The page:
H.P.B.: The Extraordinary Life and Influence of Madame Helena Petrovna Blavatsky, the Founder of the Modem Theosophical Movement

H.P.B.: The Extraordinary Life and Influence of Madame Helena Petrovna Blavatsky, the Founder of the Modem Theosophical Movement

by Sylvia Cranston
Jeremy TarcherlPutnam,1992; hardbound.

The late and great American spiritual philosopher Manly P. Hall wrote in The Phoenix: “Occultism in the Western world owes all that it is to the pioneering of H. P. Blavatsky. Her tireless efforts are responsible in no small measure for the freedom and tolerance accorded to metaphysical speculations in this century. Remove H. P. Blavatsky and the structure of modern occultism falls like a house of cards.”

Time has a way of putting truly great people in a sense ahead of us rather than in the darkening past. As a result, those who are regarded as great in their lifetime, without truly deserving such regard, tend to diminish once dead, while the truly great continue to increase in stature with the passage of the years and decades. This increase of stature is what has happened to Blavatsky, who died 101 years ago. The books in which she poured forth the quintessence of the alternative spiritual tradition of several cultures are still sold and read by discerning persons on all five continents. She is widely regard ed as the “grandmother” of the New Age, although she would have numerous bones to pick with many New Age teachers and their followers. Concepts such as reincarnation, karma, self-directed evolution of the soul, and many more that she introduced into the ambiance of our culture have lost their elitist associations and are part of our everyday reservoir of ideas.

Over the last 101 years many have asked what her greatness consists of, and some have answered this question by writing biographies of her. The latest and one of the most detailed of such works has just been published and –we are told - is the subject of a $50,000 national advertising campaign. The author, Sylvia Cranston, has previously coauthored four books on reincarnation. The book is advertised as “the definitive biography” of its subject, and in many ways one is inclined to agree. Extensively illustrated, well indexed and running to 640 pages, this is a serious work which no one with an interest in the late “high priestess of the Occult…can afford to bypass.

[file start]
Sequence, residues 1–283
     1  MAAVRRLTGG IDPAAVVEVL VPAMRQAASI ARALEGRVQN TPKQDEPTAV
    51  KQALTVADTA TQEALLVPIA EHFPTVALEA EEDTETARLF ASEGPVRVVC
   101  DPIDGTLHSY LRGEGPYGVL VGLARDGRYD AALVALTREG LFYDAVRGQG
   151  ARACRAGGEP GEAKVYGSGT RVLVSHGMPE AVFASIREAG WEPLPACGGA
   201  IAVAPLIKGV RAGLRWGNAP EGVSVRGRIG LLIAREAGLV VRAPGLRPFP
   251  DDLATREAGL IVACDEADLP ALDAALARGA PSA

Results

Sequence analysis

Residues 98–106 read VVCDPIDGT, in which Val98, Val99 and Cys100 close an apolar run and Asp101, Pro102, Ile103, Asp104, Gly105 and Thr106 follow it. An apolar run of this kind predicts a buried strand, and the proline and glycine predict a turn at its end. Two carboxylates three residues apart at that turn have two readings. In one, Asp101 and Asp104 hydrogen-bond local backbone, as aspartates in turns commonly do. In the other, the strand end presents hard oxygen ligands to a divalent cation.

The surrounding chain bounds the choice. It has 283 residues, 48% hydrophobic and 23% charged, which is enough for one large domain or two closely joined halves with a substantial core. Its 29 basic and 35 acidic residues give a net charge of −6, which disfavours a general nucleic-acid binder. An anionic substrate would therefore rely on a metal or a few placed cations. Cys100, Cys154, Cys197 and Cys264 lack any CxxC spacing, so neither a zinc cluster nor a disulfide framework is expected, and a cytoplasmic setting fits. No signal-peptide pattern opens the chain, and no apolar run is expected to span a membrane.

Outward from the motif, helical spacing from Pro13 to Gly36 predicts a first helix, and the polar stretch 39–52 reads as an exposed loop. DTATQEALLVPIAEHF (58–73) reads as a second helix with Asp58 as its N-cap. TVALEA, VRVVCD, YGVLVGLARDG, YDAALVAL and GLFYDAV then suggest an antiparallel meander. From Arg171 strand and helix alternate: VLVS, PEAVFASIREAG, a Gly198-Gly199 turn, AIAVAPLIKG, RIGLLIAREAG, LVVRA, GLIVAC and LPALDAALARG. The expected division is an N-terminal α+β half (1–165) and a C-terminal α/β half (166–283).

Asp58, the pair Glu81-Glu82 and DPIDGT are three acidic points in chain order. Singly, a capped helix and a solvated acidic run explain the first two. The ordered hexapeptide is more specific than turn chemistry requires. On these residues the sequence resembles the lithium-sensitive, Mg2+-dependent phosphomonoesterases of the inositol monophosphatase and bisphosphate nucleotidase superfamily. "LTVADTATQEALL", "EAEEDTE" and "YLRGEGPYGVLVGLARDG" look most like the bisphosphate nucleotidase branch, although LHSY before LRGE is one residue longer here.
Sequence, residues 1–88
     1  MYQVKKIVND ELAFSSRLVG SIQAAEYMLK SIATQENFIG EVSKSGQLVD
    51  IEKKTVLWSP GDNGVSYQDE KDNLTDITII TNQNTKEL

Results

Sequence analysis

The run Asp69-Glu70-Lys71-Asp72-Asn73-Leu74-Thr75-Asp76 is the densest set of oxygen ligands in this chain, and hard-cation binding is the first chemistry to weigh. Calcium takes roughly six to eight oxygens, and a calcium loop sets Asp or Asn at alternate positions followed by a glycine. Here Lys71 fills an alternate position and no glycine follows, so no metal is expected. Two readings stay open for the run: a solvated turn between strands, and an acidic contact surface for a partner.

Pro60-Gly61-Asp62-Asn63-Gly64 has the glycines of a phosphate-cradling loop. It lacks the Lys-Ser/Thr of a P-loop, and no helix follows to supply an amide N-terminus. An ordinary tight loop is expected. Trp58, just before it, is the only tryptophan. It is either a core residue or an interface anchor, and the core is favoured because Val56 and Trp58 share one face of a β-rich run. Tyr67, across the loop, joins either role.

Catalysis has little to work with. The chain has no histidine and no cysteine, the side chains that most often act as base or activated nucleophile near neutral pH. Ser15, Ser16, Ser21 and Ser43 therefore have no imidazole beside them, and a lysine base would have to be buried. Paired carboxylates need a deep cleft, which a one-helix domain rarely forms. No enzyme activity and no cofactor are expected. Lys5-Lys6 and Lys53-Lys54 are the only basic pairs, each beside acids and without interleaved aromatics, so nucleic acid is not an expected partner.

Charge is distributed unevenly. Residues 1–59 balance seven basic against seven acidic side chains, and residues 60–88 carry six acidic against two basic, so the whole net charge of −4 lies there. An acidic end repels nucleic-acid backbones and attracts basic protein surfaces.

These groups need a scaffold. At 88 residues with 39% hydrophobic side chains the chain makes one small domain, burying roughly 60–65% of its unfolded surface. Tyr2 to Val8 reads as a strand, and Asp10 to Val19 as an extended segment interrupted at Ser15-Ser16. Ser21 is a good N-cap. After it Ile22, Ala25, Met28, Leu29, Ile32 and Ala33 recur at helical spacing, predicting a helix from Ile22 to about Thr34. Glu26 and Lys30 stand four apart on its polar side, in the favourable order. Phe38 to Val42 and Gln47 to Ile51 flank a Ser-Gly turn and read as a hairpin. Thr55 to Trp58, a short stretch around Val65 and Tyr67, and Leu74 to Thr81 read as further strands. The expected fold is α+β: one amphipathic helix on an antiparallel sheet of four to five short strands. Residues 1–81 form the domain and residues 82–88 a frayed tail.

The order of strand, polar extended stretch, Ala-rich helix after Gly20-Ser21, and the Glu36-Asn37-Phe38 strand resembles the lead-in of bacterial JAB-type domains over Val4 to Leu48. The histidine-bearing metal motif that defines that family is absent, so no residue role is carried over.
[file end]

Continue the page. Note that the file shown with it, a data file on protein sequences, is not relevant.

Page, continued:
Strange and heroic was the life of this amazing woman. Born in 1831 in Russia from a noble Russo-German family, and married at seventeen to an elderly man, she fled from husband, family, and high society, and spent most of her life as a traveler and recorder of little-known truths and traditions. In America and Europe she took advantage of the then young and flourishing spiritualist movement in order to expand further the mental horizons of those who were attracted to spirit manifestations. She told spiritualists that they might modify their devotion to “revelations” from spirits and pay attention to the fact that they themselves are also spirits, albeit of an incarnate order. She called attention to the powers latent or only partially manifest within living humans, and wished to motivate men and women to discover their own spiritual nature which in turn would lead to the discovery of ultimate deific Reality. Even more boldly she proceeded to duplicate (at times openly) various phenomena of the spiritualists, while proclaiming that she had no need for spirits in manifesting the supernormal powers of her own spirit. In the course of such activities she ran afoul of an investigator associated with the prestigious Society for Psychical Research and was condemned publicly by that organization, which only recently got around to rescinding its judgment and exonerating the maligned H. P. Blavatsky.